Lucy, who faced dangers from a big, out of control mob, was later barred in the school again, though she eventually earned her master’s from your association in 1992. They were taken in 1952 with standard procedures commenced until university officials recognized the two girls were African American. Upon Lucy’s as well as Myers’s coming to the admissions office, they were barred from registering.
Having already enlisted the NAACP’s support, with lawyers Arthur Shores and Thurgood Marshall the two petitioned for university admittance. Lucy afterwards became an English teacher at a Mississippi high school. In the summer of 1955, a federal judge ruled the school had to accept both girls, although association refused Myers’s entry on the grounds that she was pregnant out of wedlock. After much prayer, Lucy chose to attend by herself and, on February 1, 1956, became the very first African American student to enroll in the institution.
Receiving great support in the surrounding black community, including transport as she was not permitted to live on campus, and underground words of encouragement from a smattering of white pupils, Lucy finally confronted great risk after beginning her studies. Her family received threats via telephone and by the 3rd day of her classes Monday, February 6 a tremendous, out of control mob had appeared with fatal taunts towards Lucy. Keeping herself safe in a secured room and turning to prayer once more, she eventually needed to be spirited off campus with police protection.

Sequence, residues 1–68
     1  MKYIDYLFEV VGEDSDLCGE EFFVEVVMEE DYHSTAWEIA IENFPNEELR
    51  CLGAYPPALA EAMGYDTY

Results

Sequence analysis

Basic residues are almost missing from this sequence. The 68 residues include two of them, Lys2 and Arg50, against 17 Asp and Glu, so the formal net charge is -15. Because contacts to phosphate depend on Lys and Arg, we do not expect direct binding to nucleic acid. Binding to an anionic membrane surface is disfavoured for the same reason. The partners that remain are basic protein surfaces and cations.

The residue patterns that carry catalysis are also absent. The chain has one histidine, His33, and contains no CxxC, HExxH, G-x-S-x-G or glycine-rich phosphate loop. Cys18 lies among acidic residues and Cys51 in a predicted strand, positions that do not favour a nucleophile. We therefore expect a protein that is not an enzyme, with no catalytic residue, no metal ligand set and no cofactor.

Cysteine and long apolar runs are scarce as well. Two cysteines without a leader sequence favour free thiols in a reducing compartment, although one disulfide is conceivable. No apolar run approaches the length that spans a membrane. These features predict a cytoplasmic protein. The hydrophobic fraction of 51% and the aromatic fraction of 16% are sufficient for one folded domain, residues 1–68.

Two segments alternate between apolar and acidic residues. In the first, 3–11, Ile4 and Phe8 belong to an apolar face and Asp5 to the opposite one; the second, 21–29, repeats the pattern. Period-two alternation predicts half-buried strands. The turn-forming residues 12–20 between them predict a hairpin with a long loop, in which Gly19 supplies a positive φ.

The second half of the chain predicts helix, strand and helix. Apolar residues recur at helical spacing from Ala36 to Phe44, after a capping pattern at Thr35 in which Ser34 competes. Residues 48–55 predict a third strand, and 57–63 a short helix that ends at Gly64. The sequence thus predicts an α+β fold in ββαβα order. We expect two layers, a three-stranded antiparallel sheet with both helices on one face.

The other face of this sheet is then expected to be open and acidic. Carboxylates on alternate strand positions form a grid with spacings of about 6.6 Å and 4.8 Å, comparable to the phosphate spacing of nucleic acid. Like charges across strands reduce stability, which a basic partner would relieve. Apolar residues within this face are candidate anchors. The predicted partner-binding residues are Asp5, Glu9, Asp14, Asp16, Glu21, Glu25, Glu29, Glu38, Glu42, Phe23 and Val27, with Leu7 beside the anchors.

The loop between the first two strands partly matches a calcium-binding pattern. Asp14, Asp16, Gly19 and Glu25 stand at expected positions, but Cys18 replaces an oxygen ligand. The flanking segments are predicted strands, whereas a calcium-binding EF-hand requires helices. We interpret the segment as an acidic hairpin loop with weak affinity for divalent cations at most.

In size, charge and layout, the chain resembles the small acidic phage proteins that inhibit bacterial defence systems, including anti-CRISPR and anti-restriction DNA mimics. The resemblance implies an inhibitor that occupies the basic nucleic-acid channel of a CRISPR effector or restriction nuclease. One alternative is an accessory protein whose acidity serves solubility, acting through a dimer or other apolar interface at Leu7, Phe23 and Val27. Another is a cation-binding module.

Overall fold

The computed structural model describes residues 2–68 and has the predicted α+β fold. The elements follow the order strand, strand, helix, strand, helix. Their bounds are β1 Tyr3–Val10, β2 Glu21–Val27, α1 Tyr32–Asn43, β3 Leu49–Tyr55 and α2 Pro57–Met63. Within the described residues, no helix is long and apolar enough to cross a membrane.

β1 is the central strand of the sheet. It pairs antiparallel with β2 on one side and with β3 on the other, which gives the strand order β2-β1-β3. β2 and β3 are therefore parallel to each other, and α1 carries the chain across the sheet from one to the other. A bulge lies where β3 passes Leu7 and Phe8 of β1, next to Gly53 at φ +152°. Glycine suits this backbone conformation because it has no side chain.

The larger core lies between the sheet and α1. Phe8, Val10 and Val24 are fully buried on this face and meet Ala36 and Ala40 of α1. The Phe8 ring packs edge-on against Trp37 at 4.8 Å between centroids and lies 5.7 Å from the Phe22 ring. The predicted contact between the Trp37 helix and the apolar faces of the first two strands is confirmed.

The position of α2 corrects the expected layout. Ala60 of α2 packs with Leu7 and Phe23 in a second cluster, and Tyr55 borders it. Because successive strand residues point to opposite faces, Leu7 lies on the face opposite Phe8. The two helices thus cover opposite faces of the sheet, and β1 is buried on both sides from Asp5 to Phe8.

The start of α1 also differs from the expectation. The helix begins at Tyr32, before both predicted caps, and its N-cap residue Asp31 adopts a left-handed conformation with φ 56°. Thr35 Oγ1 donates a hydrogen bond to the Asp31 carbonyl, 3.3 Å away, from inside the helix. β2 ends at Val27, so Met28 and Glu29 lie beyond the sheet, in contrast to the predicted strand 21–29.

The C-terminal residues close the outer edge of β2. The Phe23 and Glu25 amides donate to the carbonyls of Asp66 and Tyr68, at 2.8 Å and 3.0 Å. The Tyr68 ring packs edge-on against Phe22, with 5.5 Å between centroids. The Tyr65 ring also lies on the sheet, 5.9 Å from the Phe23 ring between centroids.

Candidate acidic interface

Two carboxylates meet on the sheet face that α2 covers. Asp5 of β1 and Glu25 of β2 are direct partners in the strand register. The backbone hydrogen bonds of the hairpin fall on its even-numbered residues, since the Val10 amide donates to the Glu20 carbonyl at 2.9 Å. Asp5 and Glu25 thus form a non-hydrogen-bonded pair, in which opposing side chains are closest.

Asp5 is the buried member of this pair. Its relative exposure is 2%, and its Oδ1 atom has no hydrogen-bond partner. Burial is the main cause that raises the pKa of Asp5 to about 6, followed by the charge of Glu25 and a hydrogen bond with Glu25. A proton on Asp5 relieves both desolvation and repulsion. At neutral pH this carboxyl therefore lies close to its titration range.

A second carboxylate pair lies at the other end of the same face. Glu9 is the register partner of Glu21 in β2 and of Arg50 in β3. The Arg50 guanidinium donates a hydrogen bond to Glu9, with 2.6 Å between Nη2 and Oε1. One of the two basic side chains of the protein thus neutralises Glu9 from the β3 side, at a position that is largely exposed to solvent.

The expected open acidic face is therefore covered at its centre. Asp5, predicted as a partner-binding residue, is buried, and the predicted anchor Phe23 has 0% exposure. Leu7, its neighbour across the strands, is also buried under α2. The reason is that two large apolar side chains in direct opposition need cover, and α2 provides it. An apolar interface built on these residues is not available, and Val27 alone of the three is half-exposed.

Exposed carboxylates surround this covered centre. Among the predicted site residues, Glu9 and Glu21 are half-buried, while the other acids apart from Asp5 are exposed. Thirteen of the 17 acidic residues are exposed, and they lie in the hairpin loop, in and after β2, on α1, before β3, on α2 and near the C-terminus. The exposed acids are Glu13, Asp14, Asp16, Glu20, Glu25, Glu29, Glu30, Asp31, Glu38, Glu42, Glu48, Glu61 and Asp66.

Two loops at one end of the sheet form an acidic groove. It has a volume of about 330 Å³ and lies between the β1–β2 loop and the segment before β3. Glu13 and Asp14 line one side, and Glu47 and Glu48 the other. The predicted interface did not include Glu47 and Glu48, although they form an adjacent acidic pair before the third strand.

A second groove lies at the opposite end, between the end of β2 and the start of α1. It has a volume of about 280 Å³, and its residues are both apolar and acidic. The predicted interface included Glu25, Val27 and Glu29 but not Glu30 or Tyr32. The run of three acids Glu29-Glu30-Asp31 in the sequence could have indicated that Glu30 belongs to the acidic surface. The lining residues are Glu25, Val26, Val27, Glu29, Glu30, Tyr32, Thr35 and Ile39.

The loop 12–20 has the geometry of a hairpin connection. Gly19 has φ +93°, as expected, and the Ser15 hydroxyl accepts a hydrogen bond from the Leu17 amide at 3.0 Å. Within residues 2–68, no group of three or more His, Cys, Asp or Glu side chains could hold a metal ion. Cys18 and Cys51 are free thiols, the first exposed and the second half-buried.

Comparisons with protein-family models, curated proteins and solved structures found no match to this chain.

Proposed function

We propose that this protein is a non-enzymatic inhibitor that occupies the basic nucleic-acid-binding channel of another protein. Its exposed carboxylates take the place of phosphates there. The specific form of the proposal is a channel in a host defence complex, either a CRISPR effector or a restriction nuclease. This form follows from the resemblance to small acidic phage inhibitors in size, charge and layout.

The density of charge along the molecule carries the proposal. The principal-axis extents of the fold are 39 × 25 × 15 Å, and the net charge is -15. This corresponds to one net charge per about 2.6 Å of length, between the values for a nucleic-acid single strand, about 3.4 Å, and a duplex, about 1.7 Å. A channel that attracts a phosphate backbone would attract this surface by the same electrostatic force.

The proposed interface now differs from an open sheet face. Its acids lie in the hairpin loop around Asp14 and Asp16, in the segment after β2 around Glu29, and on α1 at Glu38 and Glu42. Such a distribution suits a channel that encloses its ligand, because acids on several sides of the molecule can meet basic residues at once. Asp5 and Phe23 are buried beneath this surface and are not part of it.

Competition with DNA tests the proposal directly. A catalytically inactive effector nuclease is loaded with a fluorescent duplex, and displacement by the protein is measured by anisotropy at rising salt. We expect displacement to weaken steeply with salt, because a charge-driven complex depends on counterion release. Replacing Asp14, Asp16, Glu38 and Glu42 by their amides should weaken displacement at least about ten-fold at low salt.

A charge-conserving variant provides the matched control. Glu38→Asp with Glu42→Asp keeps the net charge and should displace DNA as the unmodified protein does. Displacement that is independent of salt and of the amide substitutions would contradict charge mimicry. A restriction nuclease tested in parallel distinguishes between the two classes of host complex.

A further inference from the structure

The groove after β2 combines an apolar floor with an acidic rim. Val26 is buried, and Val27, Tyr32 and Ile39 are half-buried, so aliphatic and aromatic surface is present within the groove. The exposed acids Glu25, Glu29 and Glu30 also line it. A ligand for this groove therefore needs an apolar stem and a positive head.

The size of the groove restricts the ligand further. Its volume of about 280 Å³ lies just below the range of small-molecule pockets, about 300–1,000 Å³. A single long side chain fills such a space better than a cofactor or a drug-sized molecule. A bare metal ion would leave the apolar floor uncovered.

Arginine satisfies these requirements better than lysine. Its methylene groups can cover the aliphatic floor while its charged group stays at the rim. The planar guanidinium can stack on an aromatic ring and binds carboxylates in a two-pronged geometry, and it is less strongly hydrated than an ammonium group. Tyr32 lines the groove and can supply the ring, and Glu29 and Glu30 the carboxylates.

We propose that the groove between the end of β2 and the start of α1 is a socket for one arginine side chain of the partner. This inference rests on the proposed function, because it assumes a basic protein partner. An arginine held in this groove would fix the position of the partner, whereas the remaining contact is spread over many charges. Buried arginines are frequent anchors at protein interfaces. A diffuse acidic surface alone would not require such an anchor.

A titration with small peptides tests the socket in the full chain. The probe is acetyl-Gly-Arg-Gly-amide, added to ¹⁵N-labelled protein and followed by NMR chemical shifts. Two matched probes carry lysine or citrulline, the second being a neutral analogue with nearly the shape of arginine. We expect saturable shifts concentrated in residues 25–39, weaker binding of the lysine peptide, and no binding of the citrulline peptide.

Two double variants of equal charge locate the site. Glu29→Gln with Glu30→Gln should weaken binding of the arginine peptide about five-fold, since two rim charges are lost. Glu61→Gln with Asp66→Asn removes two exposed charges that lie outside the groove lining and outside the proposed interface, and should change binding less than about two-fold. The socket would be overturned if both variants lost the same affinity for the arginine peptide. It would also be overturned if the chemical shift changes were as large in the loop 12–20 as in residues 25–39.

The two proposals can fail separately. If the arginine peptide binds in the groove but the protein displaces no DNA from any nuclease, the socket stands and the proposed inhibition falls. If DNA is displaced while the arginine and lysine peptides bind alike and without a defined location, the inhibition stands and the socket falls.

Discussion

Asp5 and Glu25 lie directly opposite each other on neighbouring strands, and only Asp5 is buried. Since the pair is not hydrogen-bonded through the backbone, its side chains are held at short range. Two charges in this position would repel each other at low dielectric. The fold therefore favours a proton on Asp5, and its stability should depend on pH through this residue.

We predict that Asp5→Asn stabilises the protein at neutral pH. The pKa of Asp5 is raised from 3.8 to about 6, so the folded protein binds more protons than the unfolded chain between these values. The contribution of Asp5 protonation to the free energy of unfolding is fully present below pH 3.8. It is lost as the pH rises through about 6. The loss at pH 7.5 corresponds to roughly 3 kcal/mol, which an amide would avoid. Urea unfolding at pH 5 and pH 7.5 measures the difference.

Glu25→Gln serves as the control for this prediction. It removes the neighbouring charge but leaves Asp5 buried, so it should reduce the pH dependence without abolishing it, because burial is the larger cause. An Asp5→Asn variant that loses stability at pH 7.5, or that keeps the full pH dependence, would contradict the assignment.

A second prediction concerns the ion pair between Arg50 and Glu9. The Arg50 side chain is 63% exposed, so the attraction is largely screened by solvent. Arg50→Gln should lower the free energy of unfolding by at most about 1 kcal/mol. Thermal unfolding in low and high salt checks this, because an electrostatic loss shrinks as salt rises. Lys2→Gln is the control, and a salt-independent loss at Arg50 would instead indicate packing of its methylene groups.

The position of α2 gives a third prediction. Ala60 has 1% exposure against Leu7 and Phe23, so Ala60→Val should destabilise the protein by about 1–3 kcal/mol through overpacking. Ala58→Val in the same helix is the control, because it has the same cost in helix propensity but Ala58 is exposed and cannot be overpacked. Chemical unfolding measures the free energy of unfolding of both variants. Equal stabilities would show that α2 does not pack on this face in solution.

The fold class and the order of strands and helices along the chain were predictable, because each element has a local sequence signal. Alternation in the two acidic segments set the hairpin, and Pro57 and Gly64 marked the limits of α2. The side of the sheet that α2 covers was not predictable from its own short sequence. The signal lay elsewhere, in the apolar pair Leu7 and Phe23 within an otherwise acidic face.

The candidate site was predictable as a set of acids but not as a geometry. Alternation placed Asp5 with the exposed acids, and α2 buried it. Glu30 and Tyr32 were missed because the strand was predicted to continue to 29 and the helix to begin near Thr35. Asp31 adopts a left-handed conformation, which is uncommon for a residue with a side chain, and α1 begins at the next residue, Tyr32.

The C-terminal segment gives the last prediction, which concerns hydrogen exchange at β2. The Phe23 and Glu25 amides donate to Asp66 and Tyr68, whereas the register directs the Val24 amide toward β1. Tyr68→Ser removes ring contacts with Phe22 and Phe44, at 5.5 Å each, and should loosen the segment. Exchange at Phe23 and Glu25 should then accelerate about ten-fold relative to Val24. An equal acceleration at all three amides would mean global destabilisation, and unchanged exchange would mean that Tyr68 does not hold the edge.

The university board subsequently barred Lucy from attending on the grounds that the school was dangerous for her. Marshall and Shores subsequently issued a formal charge, including language that said the association had conspired using the aggressors. Although the claim was afterwards removed, the board used that as reasons to forever expel Lucy because she’d made “false and baseless accusations” regarding the institution.
Lucy continued with civil rights work to get a period, doing lecture appointments before choosing to depart the limelight. She wed fellow Miles College pupil and minister Hugh Lawrence Foster in the spring of 1956, as well as the couple went on to have four kids. Lucy continues to be recognized for her trailblazing efforts in desegregating the Univ. of Alabama, and in 1988 the school revoked its expulsion. She preferred to receive her master’s in education, attending the school in once as her daughter and graduating in 1992, using a scholarship created in her honour.